It's fairly unassuming, and won't make my friends endlessly jealous, but that's not why I bought it.
Toyota's Scion experiment, which recently ended in Canada, was ill-fated to say the least. The short-lived automotive brand was aimed at a younger set of consumers, but for whatever reasons, efforts to appeal to a more youthful crowd didn't translate into significant sales. Why, then, did I purchase a Scion iM a few months ago, knowing full well the company was headed to extinction?
I will say that one of the driving forces had to do with me being intrigued by the idea of driving a vehicle that very few people had. The iM went on sale late in 2015, and a total of 3,512 were sold in Canada before the model was rebadged and added to the Toyota lineup for the 2017 model year as the Corolla iM.
I could have easily bought a Mazda3 or Honda Civic or Kia Forte5 - all nice cars in their own right within the segment - but virtually all of my friends own a Mazda3 or Civic. I simply wasn't interested in being a part of that cult.
I also had my heart set on a hatchback, and although the market for compact hatches has grown in recent months thanks to the five-door Civic and Chevy Cruze coming to market, those weren't available for another few months when I was shopping around. My lifestyle necessitated a set of wheels, so I couldn't wait.
You're probably thinking "but the iM is so boring!" and believe me - I'm well aware it's not going to win any drag races or set any Nurburgring lap records anytime soon. It's essentially a Corolla with five doors, but I'm okay with that. See, I do a lot of driving in urban places - I live in one of the biggest cities in Canada - and the small-but-not-too-small iM makes easy work of parallel parking and fitting into tight underground spaces. It's also kinda pointless to speed from one red light to the next.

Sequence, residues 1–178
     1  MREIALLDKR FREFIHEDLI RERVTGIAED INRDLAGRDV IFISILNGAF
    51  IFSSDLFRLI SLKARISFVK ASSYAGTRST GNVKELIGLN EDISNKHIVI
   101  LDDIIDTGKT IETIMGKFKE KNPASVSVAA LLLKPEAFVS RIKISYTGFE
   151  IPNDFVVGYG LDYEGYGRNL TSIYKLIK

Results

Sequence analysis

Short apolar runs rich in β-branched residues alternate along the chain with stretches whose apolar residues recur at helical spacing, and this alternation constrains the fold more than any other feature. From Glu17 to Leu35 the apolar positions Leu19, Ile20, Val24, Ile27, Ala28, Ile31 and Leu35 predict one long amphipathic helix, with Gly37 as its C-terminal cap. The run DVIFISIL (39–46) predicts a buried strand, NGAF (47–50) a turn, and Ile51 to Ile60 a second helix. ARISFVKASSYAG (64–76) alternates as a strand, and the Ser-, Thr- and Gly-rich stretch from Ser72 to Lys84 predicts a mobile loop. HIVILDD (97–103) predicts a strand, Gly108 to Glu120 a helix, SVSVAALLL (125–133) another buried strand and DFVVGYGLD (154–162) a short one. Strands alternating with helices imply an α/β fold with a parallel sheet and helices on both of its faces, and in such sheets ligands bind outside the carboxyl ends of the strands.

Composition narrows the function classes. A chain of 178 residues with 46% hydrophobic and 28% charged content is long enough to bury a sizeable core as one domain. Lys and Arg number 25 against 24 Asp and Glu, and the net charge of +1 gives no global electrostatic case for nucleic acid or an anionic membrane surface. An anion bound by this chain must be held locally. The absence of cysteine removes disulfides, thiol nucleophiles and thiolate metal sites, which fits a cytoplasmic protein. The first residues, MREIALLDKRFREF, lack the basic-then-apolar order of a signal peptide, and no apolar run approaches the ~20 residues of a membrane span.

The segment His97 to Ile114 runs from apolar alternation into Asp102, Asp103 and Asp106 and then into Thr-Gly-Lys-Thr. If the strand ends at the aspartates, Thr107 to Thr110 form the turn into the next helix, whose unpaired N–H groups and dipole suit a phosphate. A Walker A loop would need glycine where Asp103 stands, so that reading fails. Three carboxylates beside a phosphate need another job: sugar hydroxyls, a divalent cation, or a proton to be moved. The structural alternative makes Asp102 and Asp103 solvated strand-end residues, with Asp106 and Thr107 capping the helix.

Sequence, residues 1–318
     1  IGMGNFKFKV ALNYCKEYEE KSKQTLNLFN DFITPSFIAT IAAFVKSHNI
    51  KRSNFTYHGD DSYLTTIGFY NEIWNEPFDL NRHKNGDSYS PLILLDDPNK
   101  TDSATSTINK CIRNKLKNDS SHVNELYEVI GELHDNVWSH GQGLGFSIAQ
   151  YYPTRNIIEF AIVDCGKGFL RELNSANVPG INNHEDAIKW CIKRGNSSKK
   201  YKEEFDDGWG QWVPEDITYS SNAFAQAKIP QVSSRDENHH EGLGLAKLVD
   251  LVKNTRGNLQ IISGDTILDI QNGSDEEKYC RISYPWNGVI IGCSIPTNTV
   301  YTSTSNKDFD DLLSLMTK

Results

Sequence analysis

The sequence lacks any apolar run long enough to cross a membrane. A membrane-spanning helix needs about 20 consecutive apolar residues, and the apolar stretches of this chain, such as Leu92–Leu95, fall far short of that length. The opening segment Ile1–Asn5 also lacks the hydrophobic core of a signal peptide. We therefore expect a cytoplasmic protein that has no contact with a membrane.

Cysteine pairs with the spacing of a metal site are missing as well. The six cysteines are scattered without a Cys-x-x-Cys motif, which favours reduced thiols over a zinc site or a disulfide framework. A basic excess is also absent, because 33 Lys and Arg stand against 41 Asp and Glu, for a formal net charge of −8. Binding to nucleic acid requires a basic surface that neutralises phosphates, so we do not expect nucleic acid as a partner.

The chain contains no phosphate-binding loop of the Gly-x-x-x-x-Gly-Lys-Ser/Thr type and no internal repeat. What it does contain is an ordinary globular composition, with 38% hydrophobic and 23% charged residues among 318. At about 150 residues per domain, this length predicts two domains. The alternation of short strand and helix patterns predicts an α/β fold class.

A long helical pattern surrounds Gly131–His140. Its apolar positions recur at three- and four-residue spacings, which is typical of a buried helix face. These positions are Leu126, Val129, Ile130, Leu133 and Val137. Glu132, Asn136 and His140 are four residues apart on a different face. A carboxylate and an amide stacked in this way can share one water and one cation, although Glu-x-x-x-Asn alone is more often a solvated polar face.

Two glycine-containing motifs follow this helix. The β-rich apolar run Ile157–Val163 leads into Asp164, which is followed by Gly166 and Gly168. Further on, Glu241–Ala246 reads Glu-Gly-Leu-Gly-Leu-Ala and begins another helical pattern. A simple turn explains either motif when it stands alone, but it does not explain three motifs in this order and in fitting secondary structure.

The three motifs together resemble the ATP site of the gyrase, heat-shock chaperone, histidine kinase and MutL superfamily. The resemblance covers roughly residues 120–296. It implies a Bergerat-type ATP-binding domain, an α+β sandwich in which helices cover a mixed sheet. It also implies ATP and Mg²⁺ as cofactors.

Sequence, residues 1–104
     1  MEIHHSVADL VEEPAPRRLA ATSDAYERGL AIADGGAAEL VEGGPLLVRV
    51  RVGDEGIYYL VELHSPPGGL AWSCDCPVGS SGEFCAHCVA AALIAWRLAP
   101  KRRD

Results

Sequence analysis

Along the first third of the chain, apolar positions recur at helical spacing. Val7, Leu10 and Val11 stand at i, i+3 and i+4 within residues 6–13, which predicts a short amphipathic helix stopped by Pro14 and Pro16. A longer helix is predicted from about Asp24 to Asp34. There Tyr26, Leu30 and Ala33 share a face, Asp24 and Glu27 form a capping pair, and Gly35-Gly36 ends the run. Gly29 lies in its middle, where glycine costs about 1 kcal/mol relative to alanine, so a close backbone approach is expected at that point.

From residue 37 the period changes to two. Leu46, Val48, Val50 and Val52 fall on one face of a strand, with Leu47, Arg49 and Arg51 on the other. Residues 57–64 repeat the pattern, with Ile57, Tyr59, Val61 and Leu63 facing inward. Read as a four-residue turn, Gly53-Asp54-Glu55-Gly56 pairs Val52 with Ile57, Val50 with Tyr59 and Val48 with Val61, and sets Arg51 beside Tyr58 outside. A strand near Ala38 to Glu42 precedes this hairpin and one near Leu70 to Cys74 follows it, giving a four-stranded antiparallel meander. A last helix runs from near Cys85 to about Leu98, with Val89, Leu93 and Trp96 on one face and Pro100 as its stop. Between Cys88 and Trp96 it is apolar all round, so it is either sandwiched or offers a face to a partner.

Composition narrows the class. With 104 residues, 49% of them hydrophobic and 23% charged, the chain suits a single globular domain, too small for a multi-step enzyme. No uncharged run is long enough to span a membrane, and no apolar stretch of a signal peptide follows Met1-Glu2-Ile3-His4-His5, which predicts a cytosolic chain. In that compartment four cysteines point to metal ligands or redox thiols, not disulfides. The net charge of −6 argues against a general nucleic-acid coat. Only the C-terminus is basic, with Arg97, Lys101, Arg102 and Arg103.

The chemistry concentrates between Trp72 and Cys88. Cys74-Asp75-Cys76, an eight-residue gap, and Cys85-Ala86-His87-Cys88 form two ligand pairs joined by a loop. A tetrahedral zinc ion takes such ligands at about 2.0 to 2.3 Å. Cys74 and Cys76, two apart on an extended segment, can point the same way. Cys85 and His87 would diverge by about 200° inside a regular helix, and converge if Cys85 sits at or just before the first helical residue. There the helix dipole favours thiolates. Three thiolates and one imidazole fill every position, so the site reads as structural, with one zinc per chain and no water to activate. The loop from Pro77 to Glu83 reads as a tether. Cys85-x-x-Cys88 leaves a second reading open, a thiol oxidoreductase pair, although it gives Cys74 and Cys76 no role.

I'm kind of lazy, and I've always liked the idea of all-in cars, like the iM is. While you can definitely add certain accessories such as a cargo net or an upgraded infotainment system (which I admittedly opted for), all iMs are outfitted the same, save for the exterior colour and transmission. I went for the six-speed manual. I've never owned a manual-equipped vehicle before, and wasn't sure how my patience would handle stop and go traffic while manipulating three pedals, but I have zero complaints in that respect.
Then there's the well-known Toyota reliability. I don't plan on having this car for 15 years, but even so, it's nice knowing I don't have to worry too much about if the car will start after sitting idle in the cold for a day.
Although cars in this segment look deceivingly similar, I think the handsome iM manages to stand out. I've had a surprising number of people stop me - whether at a gas station, on the street, or even while driving - to compliment the car. It's a point of pride, for sure. It's also easy for me to pick out other iMs driving around, but man, I never so much as get a sideways glance from those other drivers. I always try to make eye contact and at least give a knowing smirk, but it just doesn't seem to be in the cards. Unlike owners of a certain offroading icon, I guess when it comes to buying the iM, it's not a Scion thing.
If I was given a blank cheque to buy any car my little heart desired, of course I'd go with something that was both versatile and performance-oriented - maybe an Audi RS 7 Sportback or even a Volvo V60 Polestar - but with a limited budget, the iM made a lot of sense for me.
It's fairly unassuming, and won't make my friends endlessly jealous, but that's not why I bought it. It can fit a lot of stuff, and I enjoy driving it both around the city, and in my occasional jaunts to the suburbs and beyond. Oh, and with gas prices rising once again, I like that the iM is good on fuel. I'm averaging a respectable 8.4 litres per 100 kilometres in combined city/highway driving. That's higher than the combined 7.4 L/100 km given by NRCAN, but real world numbers rarely equal or exceed what's on a window sticker.
That being said, I'll be sure to write a follow-up story with what I buy after I win the lottery.